HL Deb 02 April 1852 vol 120 cc546-80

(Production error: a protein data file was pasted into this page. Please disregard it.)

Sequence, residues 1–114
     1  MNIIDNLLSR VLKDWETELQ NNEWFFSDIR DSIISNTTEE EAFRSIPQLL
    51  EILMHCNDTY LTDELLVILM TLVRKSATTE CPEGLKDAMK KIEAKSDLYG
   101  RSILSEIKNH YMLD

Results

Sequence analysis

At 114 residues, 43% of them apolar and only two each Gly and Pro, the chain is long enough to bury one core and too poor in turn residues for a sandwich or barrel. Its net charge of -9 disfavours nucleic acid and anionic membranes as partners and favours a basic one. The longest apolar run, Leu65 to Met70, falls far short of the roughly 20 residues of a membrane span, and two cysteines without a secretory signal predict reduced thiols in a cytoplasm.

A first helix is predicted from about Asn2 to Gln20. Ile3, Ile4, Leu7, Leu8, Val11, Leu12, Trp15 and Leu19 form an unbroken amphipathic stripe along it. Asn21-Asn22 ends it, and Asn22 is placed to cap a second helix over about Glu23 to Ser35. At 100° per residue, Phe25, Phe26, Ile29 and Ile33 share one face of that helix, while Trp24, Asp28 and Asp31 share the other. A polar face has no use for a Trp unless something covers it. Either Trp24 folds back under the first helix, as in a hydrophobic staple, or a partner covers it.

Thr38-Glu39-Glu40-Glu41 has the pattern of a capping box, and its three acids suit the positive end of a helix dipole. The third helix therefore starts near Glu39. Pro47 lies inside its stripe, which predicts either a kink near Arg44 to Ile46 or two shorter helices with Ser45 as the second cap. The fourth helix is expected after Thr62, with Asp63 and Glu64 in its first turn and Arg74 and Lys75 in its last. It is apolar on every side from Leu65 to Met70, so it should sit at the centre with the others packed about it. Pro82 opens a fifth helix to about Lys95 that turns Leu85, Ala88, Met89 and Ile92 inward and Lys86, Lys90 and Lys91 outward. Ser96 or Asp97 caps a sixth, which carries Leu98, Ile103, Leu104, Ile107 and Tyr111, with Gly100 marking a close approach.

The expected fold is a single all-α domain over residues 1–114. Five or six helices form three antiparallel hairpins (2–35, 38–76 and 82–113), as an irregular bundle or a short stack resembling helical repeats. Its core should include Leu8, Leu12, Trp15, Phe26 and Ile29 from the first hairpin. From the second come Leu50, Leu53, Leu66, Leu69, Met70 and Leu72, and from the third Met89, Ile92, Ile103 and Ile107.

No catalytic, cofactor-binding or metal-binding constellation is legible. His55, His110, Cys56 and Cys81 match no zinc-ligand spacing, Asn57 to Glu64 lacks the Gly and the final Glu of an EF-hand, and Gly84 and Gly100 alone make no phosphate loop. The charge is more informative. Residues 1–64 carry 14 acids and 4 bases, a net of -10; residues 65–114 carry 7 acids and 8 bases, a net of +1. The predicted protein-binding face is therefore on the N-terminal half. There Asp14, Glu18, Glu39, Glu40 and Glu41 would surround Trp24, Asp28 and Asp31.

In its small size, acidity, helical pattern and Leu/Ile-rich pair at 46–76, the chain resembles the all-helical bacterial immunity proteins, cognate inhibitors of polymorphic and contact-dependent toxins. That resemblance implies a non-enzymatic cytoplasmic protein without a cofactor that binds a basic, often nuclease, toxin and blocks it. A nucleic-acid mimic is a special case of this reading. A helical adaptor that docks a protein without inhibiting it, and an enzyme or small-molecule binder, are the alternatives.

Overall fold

My Lords, I rise for the purpose of moving, according to the notice placed upon the paper, the appointment of a Select Committee to inquire into the Operation of the Act 3rd and 4th William IV., chap. 85, for the better government of Her Majesty's Indian Territories; and to report their Observations thereon. My Lords, the Motion which I have now to submit to your Lordships is for a Committee to inquire into what, in common parlance, is called the renewal of the East India Company's Charter. I say, "in common parlance," because, not only does that phrase not correctly express the real facts of the case, but because, In reality, it expresses what I may almost say is the reverse of the fact. For, my Lords, up to a comparatively recent period, the East India Company was a commercial besides being a political body, having a charter which placed them in the enjoyment of certain rights and privileges as a trading company. The Act of 1813, however, materially modified those privilege; and a subsequent Act, that of 1833, went still further, and, as I shall have occasion to show, did not only diminish but alto- gether took away from the Company the powers which they possessed of trading as an exclusive commercial body; and after the expiry of a certain limited period, the power of trading at all. But when I say that it took away this power, I mean that so long as the political powers and authority with which the Company was invested by the Act of 1833 continued, so long the commercial privileges of the Company as a trading body were put in abeyance. If, however, your Lordships should now think fit to withdraw the political power vested in the Company, their commercial charter would be re-established; and if your Lordships should decide to continue to the Company the political power which they now enjoy, so far from that being a renewal of the Charter, it would he but a renewal of the condition under which that Charter remained in abeyance. My Lords, in bringing forward this Motion, it is not my intention to weary your Lordships, or to take up the time of the House, by tracing the rise and progress of this great Company—a career to which I will venture to say history presents no parallel, when we look to its humble beginning, and to the comparatively short period during which this commercial Company has laid the foundations of and established one of the mightiest empires under the sun. My Lords, it is now little more than 200 years since the leaders of this then infant commercial community thought it advisable to refrain from landing a single battalion or from acquiring a single fort on the shores of India, for the purpose of protecting their trading operations, partly from the fear of exciting the jealousy of the native Sovereigns, and partly because they were apprehensive that the maintenance of that fort would entail upon them an expenditure which the profits of their commerce would be inadequate to meet. I will not attempt to trace the various steps through which this Company, from such an humble beginning, has gradually extended its power, by its negotiations, by its arms, and by the wisdom also of its counsellors; and if, under some of the early circumstances of its progress, any signal instances of a large rapacity and lust for wealth occurred among its servants, in later times it has been distinguished by prudence and ability: it is by a wise government and a feeling of enlightened humanity that it has achieved a dominion absolute and uncontrolled, whether by the direct exercise of its authority, or by an influence not less absolute than actual authority, over a district of country extending from Cape Comorin on the south, to the borders of Burmah, of Cashmere, Cabul, and Afghanistan on the north, and embracing, I think, in its broadest part, something like 28 degrees of latitude—a vast district, inhabited by a population which I believe I am within the mark when I set it down at 150,000,000—exercising its authority over a population of various descent, and of various religions, who have been constantly in hostility to each other, but who now, conquerors and conquered, agree to submit to the jurisdiction of a comparatively small body of Europeans—a Company which has secured its power, not so much by the sword as by the wisdom of its counsellors—which has seen succumb to it, one after another, the mightiest monarchies of India, and which, without any desire for conquest, without any lust of power, nay, contrary to its wish—has seen the populations of those monarchies gradually forcing themselves under, rather than submitting to the protection of its authority. And, my Lords, with this gigantic dominion it is not less extraordinary that although for the maintenance of its vast empire this Company possesses an army of 285,000 men, yet that immense army you find composed mainly of natives of those territories which they have conquered, Mahomedans and Hindoos; every variety of religion and of grade alike vie in loyalty and attachment to their conquerors, and in their service exhibit as much of interest and of devotion as that small but noble army drawn from the mother country with which it is their pride and glory to be associated. My Lords, when you look to the vast extent and to the great resources of this empire, you will see that it is no light and unimportant task to which I am now about to call your serious consideration. You are calmly and deliberately to investigate the machinery by which the affairs of this great empire are conducted—a machinery which, formed for far different purposes, has gradually been diverted from its original intentions, and applied and adapted to the change of circumstances in which it is now placed—an institution and a machinery which would seem at the outset to be anomalous almost to the extent of absurity, but which has yet operated, as I think, and as I believe your Lordships think also, most beneficially to the interests of humanity and to the advancement and progress of that mighty empire which it superintends. My Lords, I stated that, since the Committee of 1832, the East India Company has ceased altogether to be a commercial body. Up to 1813 they possessed, as you are aware, not only the right of trading to India, but the exclusive right of trading with India and of trading with China. By the Act of 1813, for the first time, a modification was effected in this Company's commercial monopoly. Under certain limitations British subjects were permitted to settle in India, and the Indian trade was thrown open to other than the servants of the Company, at the same time not depriving the Company of a participation in that trade. In 1833 we went a step further, and not only took away altogether the privileges of the Company with regard to the right of trading with India, but we also threw open to the public in general the trade with China, which had been up to that time a close monopoly in the hands of the Company. The question of the settlement of Europeans in India, and of their right to acquire land, was also adjusted; but with regard to commercial affairs, these were the material alterations. Now, my Lords, by the law of 1833, the Court of Proprietors, the foundation of the whole machine, ceased, in point of fact, to have any interest whatever or any control in the management of the affairs of India; because, by the arrangement then made, the East India Company were deprived of all their commercial property—not only of the right of trading, but deprived of all their commercial property whatever, which was made over to the Crown, there being at the same time a provision made, by which the stock of the Company, to the amount of 6,000,000l., or the dividend upon that stock, was made a primary charge upon the revenue of India; and a sum of 2,000,000l. was set aside for the purpose of accumulating, in order, under certain conditions, to buy up, if it were found necessary, that amount of stock. I will here mention, en passant, that the Act of 1833 appears to have contemplated—though the Act expired at the end of twenty years—but it appears certainly to have contemplated a continuance to the Company of its political powers for a period, not of twenty but of forty years; inasmuch as the Company, if the political rights which were accorded to them should be taken away at the expiration of twenty years, were then entitled to demand from the Government at home the repayment of their stock at the rate of 200l. sterling for every 100l. of stock—they had a right to require that upon their political power being taken from them their stock should be bought by the Government at that amount, and this within a period of three years. Now, my Lords, undoubtedly it is not very probable that, even if its political powers were taken away, the Company would make such a demand for the repayment of its stock; because, although the obligation to purchase up the stock was fixed at the rate of 200l. for every 100l. stock, their stock is now worth, I believe, about 260l., and, therefore, it would evidently not be their interest to demand that purchase. On the other hand, however, you have no power, by the Act of 1833, to pay off that stock at present; until 1874—that is, until the expiration of forty years from the Act of 1833—you have no power to call on the Company to accept that bargain, and to have that stock paid off. But if the Company's powers should continue up to 1874, that is, for the second period of twenty years—the Crown has then the power of insisting upon paying off that stock upon the terms I have already mentioned, upon giving one year's notice; and for the purpose of paying off that stock, the 2,000,000l. at first set aside, and which has now accumulated to between 3,800,000l. and 3,900,000l., was to go on accumulating at compound interest for the purpose of forming the necessary fund at the expiration of forty years. Such were the arrangements of the Act of 1833, which evidently contemplated a reconsideration of the question, and of the whole principle of government, as between the Crown and the East India Company, at the end of twenty years; but which undoubtedly contemplated the continuance of the political powers of the Company, with such modifications as might be suggested, for a period of forty years, because till the expiration of that period the Government had no power of extinguishing the stock by paying off the principal. But, my Lords, with that Act of 1833 the Court of Proprietors ceased, as I have said, to have any control or interest whatever in the affairs of India. The whole business of the Court of Proprietors at this moment consists in receiving the dividends upon their stock, which is fixed, I think, at 10½ per cent, and also—and it is no doubt a material part of their duty—in electing the members of the Court of Directors. Further than that, the Court of Proprietors have no functions whatever to perform. It is true they may meet and dis- cuss together; but, with regard to the legislation of India, with regard to any single instruction to be given, any order issued, or any decision to be arrived at, the unanimous vote of the whole Court of Proprietors need not exercise the slightest influence over the conduct of the Government. And, indeed, when you look to the present position of the Court of Proprietors, there is some reason why they should not exercise any power over the affairs of India. They have no interest in them except such as they derive from the payment of dividends, which are made a first charge upon the revenue. The number of proprietors is, I think, 1,800; as to the qualification for a seat in the Court of Proprietors, the possession of 1,000l. stock gives one vote, and the possession of larger sums gives two, up to four votes; the total number of votes possessed by the 1,800 proprietors being 2,500, of which something like one-fifth are held by native proprietors. The power which devolves upon these proprietors in electing the Directors, is in itself a material element in the machinery by which Indian affairs are conducted; but that is the sole power which they possess, with the exception, I believe, of a very insignificant though a very proper power, of putting a check upon some gratuities, to the amount of not more than 500l. or 600l.; a power, which, no doubt it is quite right that the Court of Proprietors should exercise over the Directors, but which does not afford any special reason for its continuance. As I have said, the chief business of the Proprietors consists in their receiving the annual dividends. I have been speaking throughout of the Court of Proprietors; I now come to the Court of Directors, elected by them. That Court consists of twenty-four members, and I believe the only qualification is the possession of a certain amount of stock, I forget precisely to what amount; I believe 2,000l.—and persons are disqualified if Directors of the Bank of England or of the South Sea House; but where these objections do not exist, the holding of a certain amount of stock qualifies for a seat in the direction of this Company. The Directors, generally speaking, are, the great majority of them, men whose lives have been spent and whose fortunes have been accumulated in India, and who must therefore be familiarly acquainted with the working of the system, with the country, and the character of the inhabitants, and who are, practically, I believe, well quali- fied to advise the Government in the direction of the affairs of India. One-fourth of the twenty-four Directors go out of office every year; but, as they are generally re-elected, the whole body of Directors may practically be said to sit for life. Most of these details will probably be very familiar to some of your Lordships; but I did not think upon such an occasion that it was unfitting to me to state, as shortly as I could, what is the nature of the system, and how far its practical working may seem to compensate for some of the anomalies which may be found in it. My Lords, as to the power of the Directors, it is apparently exceedingly great—I am not prepared to say that it is greater than it ought to be, considering their great experience and their great knowledge of Indian affairs. The Directors, for convenience sake, divide themselves into three Committees—one the Finance Committee, another the Political and Legislative, and the third the Home and Judicial Committee; I am not sure, but I believe I am correct in stating that the Court of Directors is thus divided—one of these Committees has eight, and the two others seven members each; the Chairman and Deputy Chairman are members of all these Committees; and these form the whole governing—if that is not a wrong expression—the whole governing body of the Company. In these Directors has been vested from the earliest period, both nominally and substantially with regard to most of the offices, the power of making the appointments in the civil service of India. The exceptions, which are real, are the Governor General, the Judges, the Bishops, appointments which are reserved to the Crown; and a small number of the subordinate appointments, which by custom or by courtesy (I do not know whether by law) are with the President of the Board of Control. The appointments nominally proceed, and many really, from the Court of Directors; but the real and substantial power which the Court of Directors possess—a power which I know may lead to considerable difference of opinion, and which ought to be carefully and deliberately considered—is that of recalling each and every servant of the Company, from the Governor General down to the lowest clerk, without any communication or concert with the Crown. I believe I am correct in stating, that for every appointment they must have the concurrence of the Crown. I believe it is so; the Crown has the power of recalling any or every servant of the Company in India, and the Company have also a like power of recalling, without concert or communication with the Crown, as the Crown has the power without communication with the Company. There may be occasions—there have been—upon which the exercise of that authority may practically lead to some inconvenience. But, my Lords, when we come to the legislative power of the Court of Directors, great as it may appear, and great as undoubtedly is the influence they exercise, their legislative power dwindles down to nothing; for not only have the Court of Proprietors no power, by a unanimous vote, to issue a single order, but the Court of Directors themselves can issue no order with regard to the legislation or government of India without the consent of the Crown signified through the President of the Board of Control. They have no power of issuing a single despatch, and, more, no power of refusing the issuing of a single despatch which the President of the Board of Control may think it his duty to insist upon their transmitting. If the President of the Board of Control sends to the Court of Directors a despatch upon a particular subject, and they refuse to deal with that question, he may then, in one fortnight, compel the transmission of that despatch; and the single exception is the very improbable one, in which the orders of the President of the Board of Control may be contrary to law, in which case the Court of Directors hold that they have an appeal to the Court of Queen's Bench, to know whether they ought or ought not to execute those orders. But, further, supposing, in dealing with one particular question, the Court of Directors should think fit to send out particular orders and particular instructions, and the despatch bearing those orders and instructions, when submitted to the President of the Board of Control, should be by him disapproved of, not only are they compelled not to send out the despatch they intended, but the Board of Control exercises the power of altogether modifying and altering the despatch, so as, if he thought fit, to reverse the whole sense and meaning of the instructions, and, under the hand of the Board, to give instructions altogether at variance with those which the Court of Directors desire to go out to the authorities as having the fiat of the President of the Board of Control, in whom, after what I have said, your Lordships will see that, virtually, the administration of the affairs of India in this country is vested. The constitution of the Board of Control has undergone various alterations since it was established in 1784; the last, in 1833, at the time of the last Act of Parliament, by which, instead of three paid Commissioners and Secretaries, it became what it now is having a President and two secretaries, who usually have seats in Parliament. That has been the constitution of the Board of Control since 1833, and in that Board, practically speaking, the whole administration of the affairs of India rests. Now, my Lords, when looking to the working of this anomalous machine, conducted, in the first place, apparently by Directors, elected by a body of proprietors who have little or no interest in the affairs of the country which the Directors are to govern—conducted again by those Directors under the control of the President of the Board of Control, and thereby reduced to be in fact a subordinate Government Board—the question naturally suggests itself, to what purpose is it to continue this complex and anomalous machinery? Why not vest the nominal authority in the same hands which are now possessed of the real? and why not dispense altogether with the unnecessary intervention of the Board of Directors? That is a very important question, and one which the Committee will have carefully and seriously to consider. I think, for my own part, that very valid and strong reasons may be given for not departing from the practical working of that which we find in existence; but it is undoubtedly a question which will be open to the consideration and judgment of the Committee; and they ought to be satisfied, if they recommend the continuance of this system, either that it is one which in itself works well, or else, that it works at all events better than any modification or alteration which can be introduced, by giving a more direct power to the Government of this country. I ought to mention that, independent of the Court of Proprietors and Court of Directors, there is also, as your Lordships are aware, the "Secret Committee," which is charged with all negotiations and affairs which have to be transacted between the Company and the Native Princes, as well as other business which it may be thought expedient to preserve in secrecy. This Secret Committee is appointed by the Board of Directors, and usually consists of the Chairman and Deputy Chairman, with, I think, the senior member of the Court of Directors; and, in conjunction with the President of the Board of Control, this Committee administers practically all those affairs which come under the political head to which I have adverted, of negotiations or dealings with native and foreign Princes. Now, my Lords, having stated the matter to be inquired into, I think it may not be a waste of your Lordships' time if we just see how this system has practically operated in India, and what has been the progress made in that country since 1834; I have spoken hitherto, of course, only of that operation of the machinery which is limited to this country. In India, I think, up to 1833, the three Presidencies were distinct and separate. By the language and by the spirit of the Act of 1833 it was contemplated to give to the Presidency of Bengal an overruling and preponderating influence and supreme authority over the other two. I think it was even contemplated at that time that the Council of Bengal should be a sort of ambulatory Council, to visit the different Presidencies, to overrule the administration of their affairs. That practically has not been the case. The Governor General in Council has administered the affairs of the Presidency of Bengal. In 1833 there was also a proposition for the institution of another Presidency, of Agra; but that was done away with, and I believe since that time there has been a Lieutenant Governor for that district; and the Governor General, with the assistance of the Lieutenant Governor of the north-west provinces, has administered the affairs of that vast district of country which forms the intended Presidency of Agra, and the newly conquered provinces in that direction. Now, my Lords, undoubtedly the Government of India has been, and I think for many years must be, that which has been spoken of in terms of praise by a noble Friend of mine, whom I do not see in his place (Earl Fitzwilliam), "a mild despotism." I apprehend none of your Lordships would dream that the time has arrived at which popular institutions can be applied to the government of India, and that, practically speaking, it is necessary that the power of governing these vast dominions, subject to the control of the Government at home, should be vested, as it is at present, in the separate Councils, and, more especially, in the supreme authority of the Governor General in Council. In the formation of that Council, however, in 1833, there was, for the first time, introduced a new element, by the addition of a new Councillor, not in the civil service of the Company. Previously to that, I think, it consisted of the Governor General, the Commander of the Forces (not necessarily, I think), and another, who was a member of the civil or military service; with them was associated, by the Act of 1833, a fourth Councillor, not a servant of the Company, appointed directly by the Crown, and charged with peculiar functions, having only the power to attend the deliberations of that Council when they enter upon the discussion of judicial and legislative business. Now, I do not lay any stress upon the extent of territory acquired by the Company since 1834, because I am by no means sure that the acquisition of all that territory has been by any means an unmixed advantage; and I am sure that the possession of great portions of it was forced upon a very reluctant Government by circumstances over which they exercised no control; but the fact is that since the last time this question came under the consideration of Parliament there has been added to the territories of the Company an area of no less than 165,000 square miles, comprising a population of 8,380,000. In the course of that time it has been necessary, no doubt, materially to augment the expenditure and establishment of the Indian service; but I am happy to Bay that with the advance of that establishment, although I confess there has been a certain addition to the annual interest of the debt, the revenue has increased from 18,500,000l.in 1834, in round numbers, to about 25,000,000l. in 1849–50, while the charge has increassd from 18,600,000l.(rather in excess of the revenue) to 24,806,000l.in 1849–50 (being rather below the revenue); the estimated charge for 1850–51 is something in excess, arising from circumstances which it is not necessary to detail. But I think it will be gratifying to your Lordships to learn that, while there has been an increase in the territories of the Company, and an increase of revenue equal to the increased charge to be borne, the commercial prosperity of India has made rapid and immense strides during that period. I hold in my hand an account—I will not trouble your Lordships except by stating the first and last years of this return—showing the state of commerce at the first and the last of these two periods. I find the tonnage of British vessels between this country and India stands thus: The arrivals in 1834–35 were 108,000 tons; in 1849–50, 252,000 tons. The departures in 1834–35, 83,776 tons; in 1849–50, 280,897 tons. The imports, in round numbers, had risen from 61,000,000r.—6,000,000l., in 1834–35, to 12,000,000l.in 1848–49, the last year for which there is a return; and the exports of India have, in the same time, increased from 8,000,000l.to 18,000,000l.My Lords, in the course of that time it is not only the material and commercial prosperity of India which has made rapid strides—it is not only that large territory has been added to your dominions, and new nations subjected to your sway, but I am happy to say, that in the arts of peace there has been a great and salutary increase in the period between 1834 and 1850. With regard to that which I must look upon as one of the most leading objects connected with the affairs of India, though it is an establishment which has to contend with many obstacles, and work its way gradually through a mass of ignorance and superstition, and of conflicting difficulties, which render its advance slow and almost imperceptible, it is satisfactory to know that, whereas through the whole of the vast territories of India there were only employed in the service of the Company 31 chaplains of the Church of England, in 1813, when the episcopal authority was first introduced, in 1832 there were a bishop and 75 clergymen. The Act of 1833 multiplied the number of bishops, assigning its bishop to each separate Presidency. There are now, instead of 31 chaplains, as in 1812, or 75, as in 1832, three bishops, and no less than 130 chaplains of the Church of England, independent of the ministers of the Scotch Church. Of the great social improvements which have taken place, cautiously and gradually introduced, since 1834, I cannot but mention, in the first place, that which had been the object of the constant and earnest attention of this country, namely, the total and entire abolition of slavery throughout its dominions; and, although great difficulties have had to be encountered, yet, by the Act passed in 1843, in India, as in the rest of Her Majesty's dominions, slavery was at once and completely abolished. Another not less gratifying change has taken place with regard to the administration of justice in India. In 1833 it was contemplated to establish, and there was established, a Legal Commission for the purpose of examining into the whole system of jurisprudence in India; the whole system of the penal and civil law, and reporting generally their opin- ions with regard to the necessary alterations. In India you have to distinguish between the Crown Courts and the Courts under the control of the Company. The Crown Courts consist of a Chief Justice and two Puisne Judges; I believe, practically, in two Presidencies, they have for some time consisted of a Chief Justice and a single Judge. These have very large and extensive jurisdiction. Recently, since 1833, there have been introduced, I think under the control of the Company—I must beg pardon if I make any errors in speaking upon a subject with which I have not been very familiar—there have been established minor Courts, like the County Courts in this country, for the purpose of adjudicating in matters of small amount. But, although the Commission sent out in 1833 sat for some time, and laboured very industriously, and produced a most elaborate penal code, which is at the present moment, I believe, under the consideration of the Government of India, that Commission, from various circumstances, did not enter upon the discussion of the whole of the extensive subject committed to it; gradually, I believe, it has been permitted to lapse, the vacancies occurring upon it not being filled up, and the labour has since devolved upon the Members of the Council appointed under the Act of 1833. But there also courts of justice of various gradations and rank authorised to deal with questions of various amounts and moment, with more or less of appellate jurisdiction. I think I ought not to waste your Lordships' time by giving you details respecting the Zillah Courts and the Sudder and other Courts, and the various gradations of jurisdiction, but that to which I desire to point your attention is, that in the course of the period which has elapsed since 1833 there has been a very great increase in that which I look upon as a matter of signal importance, namely, the employment of the natives of India themselves in the minor courts, and a considerable extension of the judicial authority conferred upon those Courts. I have said that I think the time is far from being come at which anything like popular institutions could be safely conferred upon any portion of India; but of this I am quite sure, that this is your bounden duty in the interests of humanity, of benevolence, and of morality and religion—that as far and as fast as you can do it safely, wisely, and prudently, the inhabitants of India should be gradually intrusted with more and more of the superintend- ence of their own internal affairs, under the control of British authority, and taught to respect that authority which is vested in the law, and which they see judiciously and firmly enforced, temperately enforced also, by the superior British authority, which they may by long habit and practice learn to imitate, and, I would hope, even to surpass. And, my Lords, even if this gradual admission of the Indian race to the benefits of self-government, slowly and cautiously, should have the effect, not of consolidating and extending the great fabric of British dominion which has been built up in that country, but of leading a people accustomed to self-government to desire something more of control over their political, as well as their judicial affairs—I say that, even if the gigantic power of Britain over India should in the course of years, but centuries must first elapse, fall to the ground by the operation of our own hands, it will have been an achievement worthy of a nation like this to have rescued the native population from the state of ignorance, superstition, and debasement in which we found a large portion of them sunk, and to have placed them, at the expiration of the period of our dominion, in the capacity of administering the affairs of their own country as an independent nation, but under the influence of those laws, those principles, and those sound maxims which they ought ever to entertain gratitude to this country for having with care and pains instilled into their hearts. My Lords, I say this is not a work of months, or of years, nor it may be of centuries; but, though we may not live to see it, that does not absolve us from the duty, while we carefully abstain from placing in the hands of an ignorant population power which they are incapable of yielding for their own benefit; it does not absolve us from the obligation of endeavouring to raise that population in the social scale, and of carefully intrusting them with such an amount of the administration of their own local affairs as, not to their detriment but to their benefit, they may safely be enabled to carry on under the superintendence of this country. The whole details of the judicial arrangement, and the extent to which the admission of natives to offices has gone, every detail which Parliament may desire, will freely be laid before the Committee, should it be your Lordships' pleasure to appoint one to inquire into the working of the existing system. There will also be laid before you matters of not less importance than those which I have enumerated—the steps that have been taken for promoting the material prosperity of the country, the improvement of the communications, the formation of roads and canals, the clearing of the country, the irrigation of districts, which from the want of it were subject to all the horrors of periodical famine—these will be set before you; and it will be for you to consider whether the Directors of the East India Company, under the control and superintendence of the Government here, and through the administration of the various Governors General who since 1833 have held the supreme power in the country, have or have not been faithful and efficient stewards of the great interests committed to their charge. It will then be for you, my Lords, having inquired into the practical working of the existing system, to consider how far it is wise to continue, either in the whole or in part—how far altogether to abrogate—how far to alter or to modify in detail—the system which at present prevails. But, undoubtedly, one principal point which you will have to consider is, whether there be advantage or detriment to the public service in retaining that intervening authority between the Board of Control, or the Government of the day, and the people or Government of India, which now subsists in the Court of Directors. The Court of Directors have little substantial power, but their functions are neither few nor unimportant. They meet weekly for the purpose of considering and replying to the various despatches which are received from the Governor General of India in Council, and from the various Committees by which the affairs of Government are conducted in India. They give to Her Majesty's Government on all occasions their willing and cordial co-operation and assistance. I believe the noble Baron opposite (Lord Broughton), and all those who have filled the high situation which he lately held, will cordially and readily acknowledge how much advantage they have derived in the administration of the affairs of India from the talents, abilities, and experience of those gentlemen with whom they have been brought into contact, and by whose advice they have been in many respects guided. But, as I said before, the Court of Directors, if they have no substantial power, have a large amount of patronage. Now, my Lords, is it desirable, or is it not, that that patronage should rest in the hands which now exercise it? Is it desirable that the patronage of an empire like India, extensive as it is, and comprising every variety of employment and profession, should ho vested in those who now exercise it, or should be placed in the hands of the servants of the Crown, changing from time to time according to the political changes in this country? In the first place, my Lords, I think that to bestow upon the Government of the day the whole amount of the patronage of India would be to place a very dangerous and unconstitutional amount of power practically in the hands of irresponsible Ministers. I am quite sure that no Minister of the Crown, however honest might be his intentions, and however true and sincere his desire to administer that patronage for the benefit of India, could administer it with as much knowledge of the circumstances and exigencies of the country as a permanent body, the great majority of whom are intimately and personally connected with the affairs of India, and who have an accurate knowledge of the country, of its legislation, and of its inhabitants. I have said that the Board of Directors consists at this time of thirty gentlemen—that is, including the six who went out last year; and the fact is, that of these thirty gentlemen—although there is no necessary qualification for the office except that of being the possessor of a certain amount of stock—of those thirty gentlemen there are no less than twenty-one in office at this moment, who have served the Company with distinction in the various branches of the civil service, and who bring consequently to the discussion of Indian affairs the whole of their experience and knowledge with regard to the condition and requirements of that country. With regard to an empire like India, it is a matter of infinite importance that the controlling power should, as far as possible, be kept aloof from political squabbles and party contests. That object, as is well known, is practically obtained by the system which now prevails; for, although undoubtedly there may be, and there are, influences connected with the patronage of that department which may connect it in a certain way with political considerations, yet it is notorious that, although the polities of the Directors, some of whom have seats in the Legislature, are of various shades, there is no political bearing whatever influencing their conduct with respect to the affairs of India. But is there no further advantage from this system with regard to the selection of those who are to form the civil service of India? The civil service of India is a service altogether apart. Be it the civil service or the military service of India, it is a profession taken up at the earliest age; and, to become qualified for that profession, to rise in that profession, to receive the honours of that profession, is the first and early ambition of the youngest cadet or writer who goes out to India. Now, there surely is a great advantage in this respect with regard to India. I know, with regard to the colonial administration, with which I was long familiar, how great is the disadvantage arising from the impossibility, within the limited scale of each colony, of finding persons in the colony, or connected with it, properly acquainted with the colony, and able satisfactorily to assist in conducting its affairs. But the small scale of each of these colonies—the small scale, comparatively speaking, even of the Colonial Department altogether—independently of the widely different interests of different colonies, precludes the possibility of setting aside such a school for colonial service as is wisely and most beneficially set aside by existing arrangements with regard to the Indian service. Nor do I think it is a matter of any complaint, a matter of any grievance, a matter to be deplored, much less condemned—nay, on the contrary, I think it is the subject of congratulation and rejoicing—if we find a man who, at the age of 15 or 16, has entered the East India Company's service, who has been himself educated for the special service of that Company in establishments maintained—and most liberally maintained—at the expense of the Company itself, whose fitness to enter upon his duties has been tested by an examination, the strictness of which has been much increased, before he was even permitted to go out to the scene of his future life, who has spent the best years of his life in India, who takes a deep interest in the affairs of that country—though, like all Englishmen, he has always looked forward to the period when lie might return to this land, which he never ceases to consider as his home—who, upon his return, bringing with him Indian recollections and Indian interests, and able to apply to the administration of the affairs of India the knowledge and experience which he has there acquired, should at the same time, obtain personal distinction and reward for his past services by a seat in the Direction—I consider that, so far from its being cause of regret, it is a subject of congratulation that there are the means of bringing forward within this country a body of men so formed and constituted to advise and assist the Government. It is also a matter of congratulation and rejoicing that, at the close of his life, each of the old and faithful servants of the Company has, by the exercise of his patronage, the means of introducing to the same honourable career, and launching upon the same creditable course, his own son, or nephew, or grandson, in whom may be instilled, from their earliest years, a love for and an interest in India, and who may be prepared to run the course which he who gives the appointment has honourably and creditably run before. There may be, and there always are, wherever you vest patronage, individual cases of its abuse. But this I believe, that if by holding out a premium—a most cheap premium—for the invaluable services of the men who serve you, I had almost said, without any other reward, for I believe their service is almost gratuitous—if you can obtain such advantages by giving to those best qualified, from their knowledge of India, to exercise patronage, the advantage of that patronage, it is for the service of this country and for the benefit of India; and if those Gentlemen do apply such patronage, in some instances, to place in the Indian service those in whom they have near and personal interest, I say that it is not a corrupt exercise of patronage—it is not an exercise of patronage which ought to be deplored and condemned, but, on the contrary, it is an exercise of patronage, as I believe, best calculated to promote the welfare and advantage of India. This subject, however, is one which your Lordships will have to consider if you consent to the appointment of this Committee. You will have to consider whether any modification should be introduced in the existing system; and upon the part of Her Majesty's Government there will be no indisposition to lay before the Committee, in the fullest detail, all the information they may desire with regard to the working of the existing machinery, whether in the political, in the judicial, or in the social system of India, in order that your Lordships may have the means of coming to a deliberate and impartial decision upon that vast and momentous question—namely, by what means, and by what instrumentality (remembering that this is no party, no political, question —it is a question of empire), the great and important interests of that overwhelming empire of India can best be promoted, and most steadily advanced. I will not further detain your Lordships with any expression of opinion on my own part, because I concur with my noble Friend the noble Earl opposite (the Earl of Ellenborough), in the caution which he gave both to me and to my right hon. Friend at the head of the Indian Department (Mr. Herries), that we should not hastily pledge ourselves with regard to any specific course. But with regard to that part of the question which does not depend upon practical experience and knowledge, but more on principle than detail, I certainly do entertain a strong opinion as to the course of policy which it may be desirable for Parliament to pursue; but that question will rest in the hands of Parliament. By the reports of the Committees of this and the other House of Parliament Her Majesty's Government are ready to be guided in the course they will pursue; and to those Committees must be deputed the important task of considering how the affairs of India shall hereafter be best conducted.